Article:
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Assessing the design of a rapid product design cycle activity that develops student understanding of engineering design and professional practice

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2013 ASEE Annual Conference & Exposition


Atlanta, Georgia

Publication Date

June 23, 2013

Start Date

June 23, 2013

End Date

June 26, 2013



Conference Session

Design Pedagogy and Curriculum 1

Tagged Division

Design in Engineering Education

Page Count


Page Numbers

23.218.1 - 23.218.22



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Paper Authors


Patricia Kristine Sheridan University of Toronto

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Patricia Kristine Sheridan is a PhD Candidate with the Institute for Leadership Education in Engineering
at the University of Toronto. She holds a BASc and MASc in Mechanical Engineering from the University
of Toronto. She is a member of the teaching team and a course developer for the Praxis cornerstone design

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Robert Irish University of Toronto

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Jason A. Foster University of Toronto

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Using a rapid product design cycle to develop an understanding of the engineering profession and teamworkThis research analyzes the efficacy of a rapid, interdependent design sequence on studentlearning, engagement, and teamwork. The Product Design project takes students through athree-part waterfall design sequence -- problem formulation, conceptual design, and detaileddesign. Our objective was to give the students an appreciation of the challenges faced byinterdependent teams across multiple design different stages within tight time constraints.All first year students are required to take a sequence of cornerstone design and communicationcourses in which they practice engineering design in four contexts across four distinct designprojects. Previously the third design project focused on improving the engineering studentexperience, with small teams of students first framing and then solving an appropriate challenge.While the project provided an appropriate foundational design experience, it failed to movebeyond a paper conceptual design into the more challenging aspects of embodying design work.A new Product Design project was designed to push students beyond the conceptual designphase of a design process, and simulate a real-world work environment by increasing theinterdependence between student teams and the perceived value of engineering communication.Three phases of the project were each completed in rapid succession by a different team,spending 8, 11, and 13 days on each phase respectively. Thus, each team worked on a differentproduct at each stage of the design. Each team’s phase deliverable was anonymized and passedon to another student team as the starting point for the next phase. Additionally, during thedetailed design phase, solid modelling and basic engineering drawings were introduced asrequired components of the detailed design deliverable.This paper examines the administrative, logistical, assessment, student engagement and learning,and student response to participating in this highly accelerated product design cycle in twoiterations of the course. Additionally, the frequency of cognitive disruptions in terms of projectwork within the same team (3 different design tasks in 5 weeks) is analysed from theperspectives of team building and cohesivity and their effects on team learning and performance.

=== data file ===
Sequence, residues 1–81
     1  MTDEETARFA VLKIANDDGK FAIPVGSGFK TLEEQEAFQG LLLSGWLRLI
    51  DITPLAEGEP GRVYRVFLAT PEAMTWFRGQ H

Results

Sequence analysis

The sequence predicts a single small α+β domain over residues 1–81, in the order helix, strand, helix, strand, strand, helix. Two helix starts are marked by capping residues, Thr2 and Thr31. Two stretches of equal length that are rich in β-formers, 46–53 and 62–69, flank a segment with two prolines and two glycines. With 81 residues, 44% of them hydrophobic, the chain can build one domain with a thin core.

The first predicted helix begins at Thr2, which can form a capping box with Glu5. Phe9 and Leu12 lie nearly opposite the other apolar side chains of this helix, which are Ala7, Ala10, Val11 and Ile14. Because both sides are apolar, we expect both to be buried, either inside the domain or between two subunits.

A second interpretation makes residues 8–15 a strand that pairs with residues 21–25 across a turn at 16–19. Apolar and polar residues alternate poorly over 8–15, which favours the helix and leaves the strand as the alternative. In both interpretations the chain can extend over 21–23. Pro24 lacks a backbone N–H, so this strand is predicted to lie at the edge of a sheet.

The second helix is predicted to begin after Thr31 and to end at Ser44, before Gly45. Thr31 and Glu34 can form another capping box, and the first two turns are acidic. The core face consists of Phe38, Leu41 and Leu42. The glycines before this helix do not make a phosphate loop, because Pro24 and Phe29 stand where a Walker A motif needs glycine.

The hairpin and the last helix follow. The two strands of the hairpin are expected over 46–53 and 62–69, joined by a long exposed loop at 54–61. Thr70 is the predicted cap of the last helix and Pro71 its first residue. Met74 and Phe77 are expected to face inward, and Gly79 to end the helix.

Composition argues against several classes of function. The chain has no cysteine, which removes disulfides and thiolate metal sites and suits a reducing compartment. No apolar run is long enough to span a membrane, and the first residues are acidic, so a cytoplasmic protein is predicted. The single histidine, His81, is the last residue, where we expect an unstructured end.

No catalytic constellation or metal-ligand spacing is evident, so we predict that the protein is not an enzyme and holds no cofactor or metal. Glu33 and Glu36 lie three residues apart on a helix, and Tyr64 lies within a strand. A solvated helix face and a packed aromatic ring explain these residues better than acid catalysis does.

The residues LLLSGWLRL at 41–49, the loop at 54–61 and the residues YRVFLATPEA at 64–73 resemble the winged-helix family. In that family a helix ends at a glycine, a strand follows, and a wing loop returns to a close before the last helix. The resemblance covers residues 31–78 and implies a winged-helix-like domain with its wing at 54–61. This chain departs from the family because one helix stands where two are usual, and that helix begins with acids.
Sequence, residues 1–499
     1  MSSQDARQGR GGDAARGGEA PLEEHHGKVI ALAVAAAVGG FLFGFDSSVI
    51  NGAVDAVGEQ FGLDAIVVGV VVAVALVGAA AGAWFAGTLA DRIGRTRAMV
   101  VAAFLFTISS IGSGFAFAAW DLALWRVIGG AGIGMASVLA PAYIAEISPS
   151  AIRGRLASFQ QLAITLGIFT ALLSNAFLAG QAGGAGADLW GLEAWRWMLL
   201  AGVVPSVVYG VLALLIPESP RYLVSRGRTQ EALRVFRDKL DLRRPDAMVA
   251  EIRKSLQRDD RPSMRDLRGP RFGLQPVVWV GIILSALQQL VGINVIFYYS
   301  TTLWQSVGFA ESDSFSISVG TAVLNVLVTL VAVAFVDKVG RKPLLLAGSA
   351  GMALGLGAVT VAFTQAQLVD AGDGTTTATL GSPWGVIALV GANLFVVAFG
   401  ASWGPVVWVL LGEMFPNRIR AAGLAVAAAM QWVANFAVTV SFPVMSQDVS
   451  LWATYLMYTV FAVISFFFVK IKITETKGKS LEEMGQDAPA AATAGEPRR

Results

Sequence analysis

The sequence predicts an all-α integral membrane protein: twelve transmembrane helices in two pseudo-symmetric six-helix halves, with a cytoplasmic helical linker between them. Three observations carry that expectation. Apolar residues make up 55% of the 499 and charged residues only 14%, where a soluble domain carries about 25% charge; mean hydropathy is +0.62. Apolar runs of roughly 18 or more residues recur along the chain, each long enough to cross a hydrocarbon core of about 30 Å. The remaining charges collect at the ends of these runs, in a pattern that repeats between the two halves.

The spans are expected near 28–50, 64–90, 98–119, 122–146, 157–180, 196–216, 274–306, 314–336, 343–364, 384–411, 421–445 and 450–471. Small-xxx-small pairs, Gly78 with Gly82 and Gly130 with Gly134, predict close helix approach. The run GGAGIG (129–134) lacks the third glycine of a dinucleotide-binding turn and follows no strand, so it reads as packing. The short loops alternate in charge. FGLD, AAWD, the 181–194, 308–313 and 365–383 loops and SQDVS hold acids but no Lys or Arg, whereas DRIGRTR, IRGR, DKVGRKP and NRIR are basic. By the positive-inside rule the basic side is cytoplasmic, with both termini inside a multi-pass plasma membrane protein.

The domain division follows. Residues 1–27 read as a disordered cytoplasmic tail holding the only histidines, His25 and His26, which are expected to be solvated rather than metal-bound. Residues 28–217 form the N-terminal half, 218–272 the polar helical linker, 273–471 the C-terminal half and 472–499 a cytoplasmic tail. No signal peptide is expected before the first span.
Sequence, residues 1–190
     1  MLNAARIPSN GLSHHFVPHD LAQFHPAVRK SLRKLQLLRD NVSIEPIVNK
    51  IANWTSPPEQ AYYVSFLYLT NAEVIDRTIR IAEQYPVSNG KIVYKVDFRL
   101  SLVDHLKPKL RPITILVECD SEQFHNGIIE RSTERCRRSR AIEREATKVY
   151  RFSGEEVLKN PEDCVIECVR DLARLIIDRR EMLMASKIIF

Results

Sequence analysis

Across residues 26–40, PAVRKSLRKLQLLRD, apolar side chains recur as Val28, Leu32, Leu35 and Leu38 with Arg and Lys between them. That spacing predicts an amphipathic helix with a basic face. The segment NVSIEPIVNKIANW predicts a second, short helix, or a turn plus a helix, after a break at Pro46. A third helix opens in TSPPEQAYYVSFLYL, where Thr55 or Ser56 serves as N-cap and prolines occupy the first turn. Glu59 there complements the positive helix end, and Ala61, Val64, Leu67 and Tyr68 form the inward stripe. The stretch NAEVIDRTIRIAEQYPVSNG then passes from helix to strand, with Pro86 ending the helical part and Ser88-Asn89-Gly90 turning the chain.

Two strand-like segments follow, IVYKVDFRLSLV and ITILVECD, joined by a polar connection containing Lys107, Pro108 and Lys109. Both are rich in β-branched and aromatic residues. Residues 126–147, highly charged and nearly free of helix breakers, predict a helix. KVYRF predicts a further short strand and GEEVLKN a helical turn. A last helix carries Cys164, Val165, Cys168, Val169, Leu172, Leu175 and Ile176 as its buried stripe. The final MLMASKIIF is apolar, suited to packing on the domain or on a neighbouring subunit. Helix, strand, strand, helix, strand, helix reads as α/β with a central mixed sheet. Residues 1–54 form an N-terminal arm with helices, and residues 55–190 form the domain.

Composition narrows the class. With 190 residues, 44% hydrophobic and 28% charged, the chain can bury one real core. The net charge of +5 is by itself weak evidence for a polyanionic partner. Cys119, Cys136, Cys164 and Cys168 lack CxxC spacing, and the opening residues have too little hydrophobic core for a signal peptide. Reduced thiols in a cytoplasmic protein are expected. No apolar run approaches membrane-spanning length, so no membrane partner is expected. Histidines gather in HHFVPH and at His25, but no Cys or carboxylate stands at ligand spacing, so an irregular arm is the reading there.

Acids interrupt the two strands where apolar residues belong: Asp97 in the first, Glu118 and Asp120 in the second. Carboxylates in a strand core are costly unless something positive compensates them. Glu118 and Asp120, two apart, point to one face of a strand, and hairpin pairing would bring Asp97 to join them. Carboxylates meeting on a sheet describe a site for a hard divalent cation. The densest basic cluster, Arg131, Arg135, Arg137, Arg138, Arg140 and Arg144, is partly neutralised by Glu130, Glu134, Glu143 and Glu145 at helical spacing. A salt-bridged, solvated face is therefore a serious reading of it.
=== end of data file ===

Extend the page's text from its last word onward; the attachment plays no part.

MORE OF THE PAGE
Sheridan, P. K., & Irish, R., & Foster, J. A. (2013, June), Assessing the design of a rapid product design cycle activity that develops student understanding of engineering design and professional practice Paper presented at 2013 ASEE Annual Conference & Exposition, Atlanta, Georgia. 10.18260/1-2--19232

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